In some embodiments, the Aurora A kinase inhibitor is 4-{[9-chloro-7-(2-fluoro-6-methoxyphenyl)-5H-pyrimido[5,4-d][2]benzazepin-2-yl]amino}-2-methoxybenzoic acid ((alisertib (MLN8237)) of formula (I), or a pharmaceutically acceptable salt thereof:

In some embodiments, a pharmaceutically acceptable salt of formula (I) is sodium 4-{[9-chloro-7-(2-fluoro-6-methoxyphenyl)-5H-pyrimido[5,4-d][2]benzazepin-2-yl]amino}-2-methoxybenzoate of formula (II), or a crystalline form thereof:

In some embodiments, the compound of formula (II) is sodium 4-{[9-chloro-7-(2-fluoro-6-methoxyphenyl)-5H-pyrimido[5,4-d][2]benzazepin-2-yl]amino}-2-methoxybenzoate. In some embodiments, the compound of formula (II) is sodium 4-{[9-chloro-7-(2-fluoro-6-methoxyphenyl)-5H-pyrimido[5,4-d][2]benzazepin-2-yl]amino}-2-methoxybenzoate monohydrate. In some embodiments, the compound of formula (II) is sodium 4-{[9-chloro-7-(2-fluoro-6-methoxyphenyl)-5H-pyrimido[5,4-d][2]benzazepin-2-yl]amino}-2-methoxybenzoate polymorph Form 2, as described in US Publication No. 2008/0167292, U.S. Pat. No. 8,026,246, and US Publication No. 2011/0245234, each of which is hereby incorporated by reference in their entirety.

The methods described herein encompass the use of an antibody-drug conjugate compound in combination therapy for the treatment of cancer. The antibody-drug conjugate compound for use in the present invention comprises an anti-CD30 antibody, i.e., an antibody that specifically binds to CD30, linked to a drug moiety. The drug moiety is of the auristatin type, which has been shown to interfere with microtubule dynamics and nuclear and cellular division and have anticancer activity. Auristatins of the present invention bind to tubulin and exert a cytotoxic or cytostatic effect on a HL cell line, e.g., L540cy cell line. In some embodiments of the present invention, the auristatin drug is conjugated to the anti-CD30 antibody via a linker that is cleavable under intracellular conditions, such that cleavage of the linker releases the auristatin compound from the antibody in the intracellular environment. In yet other embodiments, the linker unit is not cleavable and the drug is released by antibody degradation.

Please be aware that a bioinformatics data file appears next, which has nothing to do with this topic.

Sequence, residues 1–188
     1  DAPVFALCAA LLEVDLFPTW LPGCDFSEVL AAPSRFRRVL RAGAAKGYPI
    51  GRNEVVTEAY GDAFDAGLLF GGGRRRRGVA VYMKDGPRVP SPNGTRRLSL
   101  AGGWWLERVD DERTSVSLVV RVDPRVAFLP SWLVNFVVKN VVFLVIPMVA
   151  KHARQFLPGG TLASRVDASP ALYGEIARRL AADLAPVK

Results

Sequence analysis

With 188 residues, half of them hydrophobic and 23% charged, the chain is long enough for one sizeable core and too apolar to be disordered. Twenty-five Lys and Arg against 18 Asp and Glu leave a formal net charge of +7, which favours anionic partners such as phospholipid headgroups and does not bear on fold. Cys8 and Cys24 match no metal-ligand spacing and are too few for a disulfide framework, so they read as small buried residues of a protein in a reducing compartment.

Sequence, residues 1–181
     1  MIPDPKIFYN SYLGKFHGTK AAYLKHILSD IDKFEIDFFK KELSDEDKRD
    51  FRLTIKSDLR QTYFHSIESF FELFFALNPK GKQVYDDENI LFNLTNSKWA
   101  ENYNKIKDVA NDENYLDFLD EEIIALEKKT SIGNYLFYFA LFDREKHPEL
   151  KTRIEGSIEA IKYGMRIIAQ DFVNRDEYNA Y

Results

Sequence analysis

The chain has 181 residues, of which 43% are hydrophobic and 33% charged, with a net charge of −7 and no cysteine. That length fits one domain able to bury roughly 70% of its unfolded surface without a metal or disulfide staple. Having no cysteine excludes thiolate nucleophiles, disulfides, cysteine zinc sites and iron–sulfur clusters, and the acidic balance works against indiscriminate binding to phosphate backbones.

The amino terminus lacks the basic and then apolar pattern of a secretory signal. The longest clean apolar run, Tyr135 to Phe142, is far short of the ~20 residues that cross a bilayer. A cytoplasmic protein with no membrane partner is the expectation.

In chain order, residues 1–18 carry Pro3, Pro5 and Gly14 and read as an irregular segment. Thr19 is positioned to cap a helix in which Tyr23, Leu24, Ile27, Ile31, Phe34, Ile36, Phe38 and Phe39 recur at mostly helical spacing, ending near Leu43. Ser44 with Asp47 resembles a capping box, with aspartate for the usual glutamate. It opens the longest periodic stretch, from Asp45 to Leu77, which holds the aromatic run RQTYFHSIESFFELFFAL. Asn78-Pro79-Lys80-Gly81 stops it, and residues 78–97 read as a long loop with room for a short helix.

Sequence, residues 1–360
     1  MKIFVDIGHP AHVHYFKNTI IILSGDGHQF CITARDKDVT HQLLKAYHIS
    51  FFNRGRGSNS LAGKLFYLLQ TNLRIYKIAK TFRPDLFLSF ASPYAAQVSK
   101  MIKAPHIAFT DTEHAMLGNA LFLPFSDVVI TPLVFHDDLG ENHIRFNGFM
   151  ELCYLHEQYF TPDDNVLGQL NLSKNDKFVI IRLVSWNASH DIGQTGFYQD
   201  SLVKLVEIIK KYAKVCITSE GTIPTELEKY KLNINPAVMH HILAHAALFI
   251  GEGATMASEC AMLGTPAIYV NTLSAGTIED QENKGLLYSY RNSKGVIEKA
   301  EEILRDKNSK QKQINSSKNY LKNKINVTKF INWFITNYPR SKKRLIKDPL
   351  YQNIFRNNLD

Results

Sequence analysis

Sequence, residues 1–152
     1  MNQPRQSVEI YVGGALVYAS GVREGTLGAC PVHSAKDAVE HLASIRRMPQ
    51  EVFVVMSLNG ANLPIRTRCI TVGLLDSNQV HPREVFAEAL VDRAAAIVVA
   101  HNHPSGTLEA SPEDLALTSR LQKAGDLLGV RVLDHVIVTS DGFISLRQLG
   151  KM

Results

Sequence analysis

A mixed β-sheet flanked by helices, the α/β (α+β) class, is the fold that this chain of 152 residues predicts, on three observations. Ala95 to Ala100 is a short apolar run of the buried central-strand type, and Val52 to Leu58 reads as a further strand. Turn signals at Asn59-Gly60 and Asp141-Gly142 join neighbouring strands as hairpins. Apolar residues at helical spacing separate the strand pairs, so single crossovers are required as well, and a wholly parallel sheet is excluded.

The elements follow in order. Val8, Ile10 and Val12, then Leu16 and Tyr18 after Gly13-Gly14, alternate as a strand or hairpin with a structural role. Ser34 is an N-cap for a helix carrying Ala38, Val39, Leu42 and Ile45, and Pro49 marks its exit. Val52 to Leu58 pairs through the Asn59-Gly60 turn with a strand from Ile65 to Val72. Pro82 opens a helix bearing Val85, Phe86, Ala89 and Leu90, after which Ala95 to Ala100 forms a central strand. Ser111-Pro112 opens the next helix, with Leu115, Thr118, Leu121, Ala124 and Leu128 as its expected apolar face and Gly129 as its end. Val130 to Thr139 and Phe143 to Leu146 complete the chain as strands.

There are a number of different assays that can be used for determining whether an auristatin or resultant antibody-drug conjugate exerts a cytostatic or cytotoxic effect on, for example, a Hodgkin lymphoma (HL) cell line. In one example for determining whether an auristatin or resultant antibody-drug conjugate exerts a cytostatic or cytotoxic effect on a HL cell line, a thymidine incorporation assay is used. For example, HL cells at a density of 5,000 cells/well of a 96-well plated is cultured for a 72-hour period and exposed to 0.5 μCi of 3H-thymidine during the final 8 hours of the 72-hour period, and the incorporation of 3H-thymidine into cells of the culture is measured in the presence and absence of the auristatin or antibody-drug conjugate. The auristatin or resultant antibody-drug conjugate has a cytostatic or cytotoxic effect on the HL cell line if the cells of the culture have reduced 3H-thymidine incorporation compared to cells of the same cell line cultured under the same conditions but not contacted with the auristatin or antibody-drug conjugate.